In May 2008 when I discovered that over 17,000 Guernsey evacuees had arrived in England in June 1940, just before the Nazis invaded their island, I was astounded! I knew that the Channel Islands had been occupied but had no idea that almost half the population had come to mainland Britain. I was equally amazed that the majority had been sent to industrial towns in northern England from which local children had been evacuated 9 months earlier.
As I began to interview Guernsey evacuees, most said they had never been asked to share their story before. I now realised that their experiences in England during the Second World War had not been fully captured. I discovered that the evacuees had integrated into their local communities, but also set up around 100 Channel Island societies. In addition, they had contributed to the British war effort by joining the forces, working in ammunition factories and building aircraft. Others had joined the Home Guard, the ATS and the Fire Service. Hundreds of young Guernsey mothers had arrived with their infants, whilst their husbands joined the forces or remained in Guernsey to protect their property. These mothers had arrived in England with practically nothing, and although some adults, as well as children, had unhappy experiences, the majority described the kindness of their English neighbours. Eva Le Page told me “I left Guernsey with my baby, and a bag containing feeding bottles and nappies. I will never forget the kindness of my neighbours when I moved into an empty house in Bolton. When they helped you, they did it with good hearts.” One Lancashire resident, John Fletcher, collected money throughout the war so that the Guernsey children in his area could receive a Christmas gift. They received nothing from their own parents as there was no postal service between Guernsey and England during the war except for the occasional 25 word Red Cross letter.
When listing major American wars, the Revolutionary War, the Spanish-American War, the Civil War, WWI, and WWII, we usually leave out the War of 1812. We all learned about the War of 1812 in school, only to never hear about it again. Those damn British came back and burned the White House down. But the War of 1812 has more of a significant historical meaning than many people give it credit for.
With Britain and France at war, America continued to trade with the French, and as a neutral country had every right to do so. Britain thought different and introduced trade restrictions. Whether out of jealousy or anger the British planned to stop all American trade with France. Ironically, by the time Americans declared war, the British had already repealed the trade restrictions. At this point our young nation had to defend its honor, and fight Britain, again.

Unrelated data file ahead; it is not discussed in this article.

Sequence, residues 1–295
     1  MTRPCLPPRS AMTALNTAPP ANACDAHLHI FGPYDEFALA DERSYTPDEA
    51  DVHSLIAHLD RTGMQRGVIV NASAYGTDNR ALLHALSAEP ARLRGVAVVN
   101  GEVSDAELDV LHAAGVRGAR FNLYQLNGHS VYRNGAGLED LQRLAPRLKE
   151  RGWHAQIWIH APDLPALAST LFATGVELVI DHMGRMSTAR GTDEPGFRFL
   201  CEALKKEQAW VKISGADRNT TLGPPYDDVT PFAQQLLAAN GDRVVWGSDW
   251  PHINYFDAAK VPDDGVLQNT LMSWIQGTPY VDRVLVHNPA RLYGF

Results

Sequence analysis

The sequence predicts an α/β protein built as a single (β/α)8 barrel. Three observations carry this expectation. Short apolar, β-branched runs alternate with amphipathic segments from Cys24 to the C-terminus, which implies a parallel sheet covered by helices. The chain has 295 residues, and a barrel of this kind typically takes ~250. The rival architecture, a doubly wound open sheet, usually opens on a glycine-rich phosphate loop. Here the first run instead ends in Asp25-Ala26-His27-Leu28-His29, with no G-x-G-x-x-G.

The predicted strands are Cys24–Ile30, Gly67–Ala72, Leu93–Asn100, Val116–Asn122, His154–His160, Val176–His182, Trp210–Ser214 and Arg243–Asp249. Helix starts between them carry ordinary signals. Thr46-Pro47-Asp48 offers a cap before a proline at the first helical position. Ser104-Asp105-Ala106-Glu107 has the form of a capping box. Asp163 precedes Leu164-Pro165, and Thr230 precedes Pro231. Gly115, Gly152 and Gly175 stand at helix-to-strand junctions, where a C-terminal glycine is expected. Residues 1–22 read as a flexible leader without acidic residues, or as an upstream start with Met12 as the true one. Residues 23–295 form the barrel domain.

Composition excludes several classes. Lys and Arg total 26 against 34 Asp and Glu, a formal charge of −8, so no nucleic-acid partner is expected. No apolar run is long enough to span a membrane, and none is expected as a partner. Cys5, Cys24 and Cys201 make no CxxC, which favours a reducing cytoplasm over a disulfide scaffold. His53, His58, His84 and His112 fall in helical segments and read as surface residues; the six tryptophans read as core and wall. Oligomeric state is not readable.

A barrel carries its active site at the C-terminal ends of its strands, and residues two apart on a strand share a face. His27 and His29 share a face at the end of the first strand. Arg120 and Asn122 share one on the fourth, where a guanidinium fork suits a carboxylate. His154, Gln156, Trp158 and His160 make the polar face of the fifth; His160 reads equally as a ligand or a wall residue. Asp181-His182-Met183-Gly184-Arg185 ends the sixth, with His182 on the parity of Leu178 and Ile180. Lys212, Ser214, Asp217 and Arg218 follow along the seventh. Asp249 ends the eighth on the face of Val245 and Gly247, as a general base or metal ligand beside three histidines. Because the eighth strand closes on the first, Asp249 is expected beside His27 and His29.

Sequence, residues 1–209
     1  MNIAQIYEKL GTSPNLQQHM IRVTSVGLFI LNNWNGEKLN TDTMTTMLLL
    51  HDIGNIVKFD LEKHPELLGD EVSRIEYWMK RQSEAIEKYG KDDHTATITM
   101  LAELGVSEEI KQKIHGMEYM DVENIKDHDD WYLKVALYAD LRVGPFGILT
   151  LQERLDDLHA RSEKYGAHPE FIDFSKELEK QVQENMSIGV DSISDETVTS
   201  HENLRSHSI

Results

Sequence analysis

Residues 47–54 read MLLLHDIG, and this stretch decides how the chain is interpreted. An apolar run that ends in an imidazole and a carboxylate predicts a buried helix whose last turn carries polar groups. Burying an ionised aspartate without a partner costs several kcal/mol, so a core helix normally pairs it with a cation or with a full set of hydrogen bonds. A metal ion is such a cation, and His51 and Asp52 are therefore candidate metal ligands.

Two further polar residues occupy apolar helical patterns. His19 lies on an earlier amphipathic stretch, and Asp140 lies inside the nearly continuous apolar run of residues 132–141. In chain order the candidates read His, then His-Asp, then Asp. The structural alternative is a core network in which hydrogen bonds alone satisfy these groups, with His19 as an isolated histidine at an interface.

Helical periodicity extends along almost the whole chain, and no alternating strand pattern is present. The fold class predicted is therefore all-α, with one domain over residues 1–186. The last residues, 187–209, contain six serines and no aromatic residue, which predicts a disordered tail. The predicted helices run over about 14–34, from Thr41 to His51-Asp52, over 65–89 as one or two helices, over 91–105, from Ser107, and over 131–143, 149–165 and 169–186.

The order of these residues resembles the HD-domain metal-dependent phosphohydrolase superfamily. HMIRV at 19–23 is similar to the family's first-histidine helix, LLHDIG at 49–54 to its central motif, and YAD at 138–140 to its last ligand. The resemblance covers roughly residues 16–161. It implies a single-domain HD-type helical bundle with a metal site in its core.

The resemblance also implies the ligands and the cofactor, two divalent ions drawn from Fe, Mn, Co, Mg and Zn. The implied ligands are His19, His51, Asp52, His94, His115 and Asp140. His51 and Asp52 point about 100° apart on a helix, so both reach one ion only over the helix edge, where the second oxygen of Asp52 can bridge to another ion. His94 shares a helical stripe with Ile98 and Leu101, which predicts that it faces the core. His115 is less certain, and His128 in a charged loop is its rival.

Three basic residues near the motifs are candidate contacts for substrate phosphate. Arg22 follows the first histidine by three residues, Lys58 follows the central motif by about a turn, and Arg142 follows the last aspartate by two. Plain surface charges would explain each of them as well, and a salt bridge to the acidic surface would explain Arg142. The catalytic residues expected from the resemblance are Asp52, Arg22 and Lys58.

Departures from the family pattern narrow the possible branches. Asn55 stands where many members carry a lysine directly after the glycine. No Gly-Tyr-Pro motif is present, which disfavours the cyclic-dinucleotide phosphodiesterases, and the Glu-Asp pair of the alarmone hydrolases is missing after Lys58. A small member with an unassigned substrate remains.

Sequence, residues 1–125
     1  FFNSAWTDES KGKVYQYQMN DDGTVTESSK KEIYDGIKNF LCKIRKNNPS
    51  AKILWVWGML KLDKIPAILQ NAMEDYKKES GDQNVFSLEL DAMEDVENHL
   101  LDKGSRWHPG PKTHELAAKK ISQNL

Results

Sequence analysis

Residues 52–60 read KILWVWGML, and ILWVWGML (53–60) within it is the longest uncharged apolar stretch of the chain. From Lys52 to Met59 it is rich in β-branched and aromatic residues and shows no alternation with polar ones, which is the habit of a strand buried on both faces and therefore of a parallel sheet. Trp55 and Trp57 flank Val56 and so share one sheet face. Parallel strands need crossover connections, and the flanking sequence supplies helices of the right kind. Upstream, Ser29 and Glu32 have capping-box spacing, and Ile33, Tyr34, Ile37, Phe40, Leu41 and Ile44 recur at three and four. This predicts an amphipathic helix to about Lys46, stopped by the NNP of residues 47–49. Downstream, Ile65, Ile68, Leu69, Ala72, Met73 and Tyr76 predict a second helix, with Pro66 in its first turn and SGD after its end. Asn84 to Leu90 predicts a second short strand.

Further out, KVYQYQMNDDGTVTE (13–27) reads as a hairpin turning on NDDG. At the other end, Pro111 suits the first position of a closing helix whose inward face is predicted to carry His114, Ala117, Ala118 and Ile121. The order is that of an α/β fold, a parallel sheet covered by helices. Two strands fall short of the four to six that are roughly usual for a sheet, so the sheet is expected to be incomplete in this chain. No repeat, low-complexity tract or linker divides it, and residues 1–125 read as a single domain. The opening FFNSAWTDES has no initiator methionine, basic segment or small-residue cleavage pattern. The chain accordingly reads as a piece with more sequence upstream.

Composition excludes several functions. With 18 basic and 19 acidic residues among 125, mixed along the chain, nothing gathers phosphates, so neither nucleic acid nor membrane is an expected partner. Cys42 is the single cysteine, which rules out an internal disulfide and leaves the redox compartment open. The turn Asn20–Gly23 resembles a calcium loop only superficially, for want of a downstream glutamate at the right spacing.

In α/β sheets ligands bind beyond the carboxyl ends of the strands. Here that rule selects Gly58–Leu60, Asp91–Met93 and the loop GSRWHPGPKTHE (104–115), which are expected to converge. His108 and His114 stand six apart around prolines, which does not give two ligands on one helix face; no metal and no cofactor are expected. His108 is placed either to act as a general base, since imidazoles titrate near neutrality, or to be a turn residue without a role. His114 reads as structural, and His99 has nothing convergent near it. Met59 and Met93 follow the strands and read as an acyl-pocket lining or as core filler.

War of 1812: What Was Really Won?
After two and a half years, and 15,000 American lives lost the American were victorious, but what did we really win? The War of 1812 paved the way for many greater things in American history. With a victory sealed, the US was finally recognized and respected as a sovereign nation. With the French and British gone from the continent America was free to move westward. Manifest Destiny would soon take hold, and everything that came with it. It also allowed James Madison to declare America’s sphere of influence, in the Monroe Doctrine, which included all of the Americas.
With westward mobility also came the mobility of slavery, and the fight over “slave or free” state would lead the nation towards civil war. Without the victory against the British and the ability to move west who knows how the country, confined to east of the Mississippi, would have turned out.
Alright, fans of ancient history, here is a quick run down of all the stories about the Ancient World from the last week:
First up, April 25th is the date traditionally given for the conclusion of the Peloponnesian War between Athens and Sparta in 404BCE, with Athens surrendering to the Spartan king Lysander. The war ended the political domination of Athens of the rest of the Greek city states and began 30 years of Spartan dominance in Greece. Athens would regain some of its prestige in the following decades and the war did little to dim the cultural and intellectual fame of the city, a reputation for which the city would not lose until the closure of the Academy in Athens in 529CE by the Emperor Justinian(though it did lapse for a time early in the Roman occupation of the city). Not coincidentally it is this date that some scholars have labelled as being the ‘end of antiquity’.
Second, A fragment of the Egyptian ‘Book of the Dead’, dating from 1420BCE has been found in the Queensland Museum in Brisbane, Australia. The fragment, happened upon by Dr. John Taylor, curator of the British Museum’s mummy collection, is from a high ranking temple priest and are the missing portions of a manuscript of which other fragments have been found. Dr. Taylor is optimistic that this new discovery, which has been with the Museum for 100 years after being donated, might help archaeologists and historians to reconstruct the entire text. The papyrus will remain in Brisbane with scholars using computer technology to reconstruct the document.
Taking a jump to the other end of the world, a scientist from Salford, Dr. Bruno Fazenda, has revealed the findings of his, and his colleagues, 4 years project to reconstruct what Stonehenge might have sounded like when complete. While Stonehenge itself has too much missing to get accurate acoustical measurements, a full size replica of Stonehenge was built in Maryhill, Washington in the United States as a memorial to those that died in the First World War(it was the first memorial built for soldiers of WWI, at the time). The study indicates that, much like a Greek or Roman theater, Stonehenge would have had impressive acoustics. It is still something of a mystery, however, and one we may never solve given the absence of written evidence, what exactly the site was used for.